The Christmas Revels

The primary presentation of each Revels company is The Christmas Revels: in Celebration of the Winter Solstice, a fully staged, elaborately costumed, full-length theatrical production that changes scripts, themes, and traditions from year to year. Uniquely, these performances include multiple elements: music, dance, and drama, as well as story-telling and seasonal rituals. While each show is unique, there are a number of recurring elements that help to tie the experience to the broader Revels tradition. All these facets combine with the special Revels hallmark of audience participation: getting people out of their seats to sing and dance. 


Purposefully, our Revels casts are intergenerational, non-denominational and multi-ethnic; it is particularly important for us that—in a city like Santa Barbara—those who are onstage reflect and represent our community at large. Our cast of almost 70 actors, singers, dancers, and instrumentalists combines select volunteers with seasoned professionals, and the two groups inform and energize each other, to create moving drama, music of the highest caliber, and an atmosphere of magic and mystery. The National Endowment for the Arts called Revels a new form of musical theater. Charles Donelan of the Santa Barbara Independent described our production as “educational, traditional and simply fun.”

This Year's Show

An Irish Celebration of the Winter Solstice

As the steamer Furnessia travels from Londonderry to Ellis Island, the Irish emigrants aboard feel a combination of nostalgia and eager anticipation. On their way to a new life in a new land, they cherish special holiday traditions and celebrate the season. With warm and melodious Irish music, engaging stories and exciting dances, this imaginitive, entertaining theatrical production is a favorite Santa Barbara tradition enjoyed by all ages.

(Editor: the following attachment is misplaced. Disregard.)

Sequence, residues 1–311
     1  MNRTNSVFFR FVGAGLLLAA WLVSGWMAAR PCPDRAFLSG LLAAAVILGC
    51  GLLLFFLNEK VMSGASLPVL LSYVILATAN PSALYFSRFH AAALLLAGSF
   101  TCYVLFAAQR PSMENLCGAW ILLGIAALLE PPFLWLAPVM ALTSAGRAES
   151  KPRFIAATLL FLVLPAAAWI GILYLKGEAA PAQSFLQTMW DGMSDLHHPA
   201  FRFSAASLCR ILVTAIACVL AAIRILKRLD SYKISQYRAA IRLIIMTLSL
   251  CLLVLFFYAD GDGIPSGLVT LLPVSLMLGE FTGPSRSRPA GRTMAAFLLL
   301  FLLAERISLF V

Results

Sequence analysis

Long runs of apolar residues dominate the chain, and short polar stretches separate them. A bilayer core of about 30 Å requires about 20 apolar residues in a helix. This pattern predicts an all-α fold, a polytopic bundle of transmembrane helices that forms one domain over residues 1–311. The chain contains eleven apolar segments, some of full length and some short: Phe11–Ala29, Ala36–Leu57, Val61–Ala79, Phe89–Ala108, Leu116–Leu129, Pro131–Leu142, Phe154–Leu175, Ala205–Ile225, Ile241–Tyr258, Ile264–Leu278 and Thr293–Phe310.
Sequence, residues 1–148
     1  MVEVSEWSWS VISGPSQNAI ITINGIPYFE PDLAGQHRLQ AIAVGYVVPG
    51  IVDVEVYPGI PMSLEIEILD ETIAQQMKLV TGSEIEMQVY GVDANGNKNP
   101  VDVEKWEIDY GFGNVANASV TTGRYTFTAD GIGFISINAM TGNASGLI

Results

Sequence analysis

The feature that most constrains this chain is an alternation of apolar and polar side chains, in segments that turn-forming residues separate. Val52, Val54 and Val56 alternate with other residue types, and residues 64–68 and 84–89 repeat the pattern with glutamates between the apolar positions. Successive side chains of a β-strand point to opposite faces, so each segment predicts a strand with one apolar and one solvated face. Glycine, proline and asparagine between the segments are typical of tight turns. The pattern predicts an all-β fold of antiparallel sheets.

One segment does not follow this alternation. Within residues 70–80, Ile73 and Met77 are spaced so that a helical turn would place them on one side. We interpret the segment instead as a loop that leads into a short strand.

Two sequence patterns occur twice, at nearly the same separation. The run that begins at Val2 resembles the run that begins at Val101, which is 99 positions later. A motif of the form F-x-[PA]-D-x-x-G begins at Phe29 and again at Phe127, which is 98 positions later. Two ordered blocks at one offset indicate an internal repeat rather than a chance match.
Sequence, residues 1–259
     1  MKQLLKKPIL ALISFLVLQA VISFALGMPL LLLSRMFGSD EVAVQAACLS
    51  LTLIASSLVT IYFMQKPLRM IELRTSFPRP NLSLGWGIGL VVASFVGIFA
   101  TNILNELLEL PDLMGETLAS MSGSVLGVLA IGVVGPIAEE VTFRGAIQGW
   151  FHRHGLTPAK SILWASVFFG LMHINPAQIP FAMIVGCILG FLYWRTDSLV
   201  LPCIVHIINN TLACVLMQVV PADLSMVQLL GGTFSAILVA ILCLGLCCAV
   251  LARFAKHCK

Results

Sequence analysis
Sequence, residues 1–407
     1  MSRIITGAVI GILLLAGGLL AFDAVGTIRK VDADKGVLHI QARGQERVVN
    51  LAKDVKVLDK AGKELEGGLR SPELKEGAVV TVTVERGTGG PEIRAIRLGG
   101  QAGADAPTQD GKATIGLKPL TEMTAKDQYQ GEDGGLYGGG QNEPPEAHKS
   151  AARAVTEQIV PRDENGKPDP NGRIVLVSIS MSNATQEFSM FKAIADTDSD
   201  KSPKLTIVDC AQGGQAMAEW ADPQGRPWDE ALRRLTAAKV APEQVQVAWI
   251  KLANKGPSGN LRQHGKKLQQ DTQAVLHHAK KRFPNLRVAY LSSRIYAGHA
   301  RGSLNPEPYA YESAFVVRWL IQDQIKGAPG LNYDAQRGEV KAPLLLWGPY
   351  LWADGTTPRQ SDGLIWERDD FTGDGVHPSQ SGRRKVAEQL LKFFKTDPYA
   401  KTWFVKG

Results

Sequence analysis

Performance Information

At the Lobero Theater: December 21st - 23rd, 2018


Tickets will be available through the Lobero box office.

Video by David Bazemore

Revels Traditions

Mumming

Every Christmas Revels performance includes a mummer’s play. This traditional enactment of death and rebirth finds its roots in primitive ceremonies held throughout Europe to mark important stages in the agricultural year. In a traditional mummer’s play a character is killed and is then resurrected (usually by a quack doctor). In the Christmas Revels, the play is representative of the character’s hope to “drive the dark away” and celebrate the Winter Solstice “the shortest day,” and the beginning of longer days and springtime rebirth to come.

The Horn Dance

One part of many winter Revels performances that captures the mystery of mid-winter celebration is the Abbots Bromley Horn Dance, an age-old procession of 10 to 12 figures, six men carry sets of caribou horns, followed by a hobby horse, Maid Marian (usually a man dressed as a woman), a boy with a bow and arrow, and a fool who periodically dings a small triangle, The Revels dance choreography was inspired by an all-day procession still done each September in the tiny town of Abbots Bromley in Staffordshire, England. The dance is serpentine and includes a figure in which lines of five dancers each approach and retire and cross and repeat, with some clashing of the horns.

Lord of the Dance

At the conclusion of the first part of every Christmas Revels, the chorus and audience join in a serpentine song and dance, based on Sidney Carter’s song, “Lord of the Dance,” an adaptation of the Shaker song, “‘Tis a Gift To Be Simple.”

The song and dance is a brief experience of shared celebration and is, for many, the community high point of the show. Since Morris dancing has long been centrally connected to celebrations of the return of spring, this joining of audience and chorus is introduced by a unique Morris dance choreographed by Carol Langstaff in Cambridge in 1971 for the first Christmas Revels. The dance features steps taken from five village Morris traditions. They are danced by two dancers at stage center until the song ends and dancers and chorus members dance with the audience around the theater.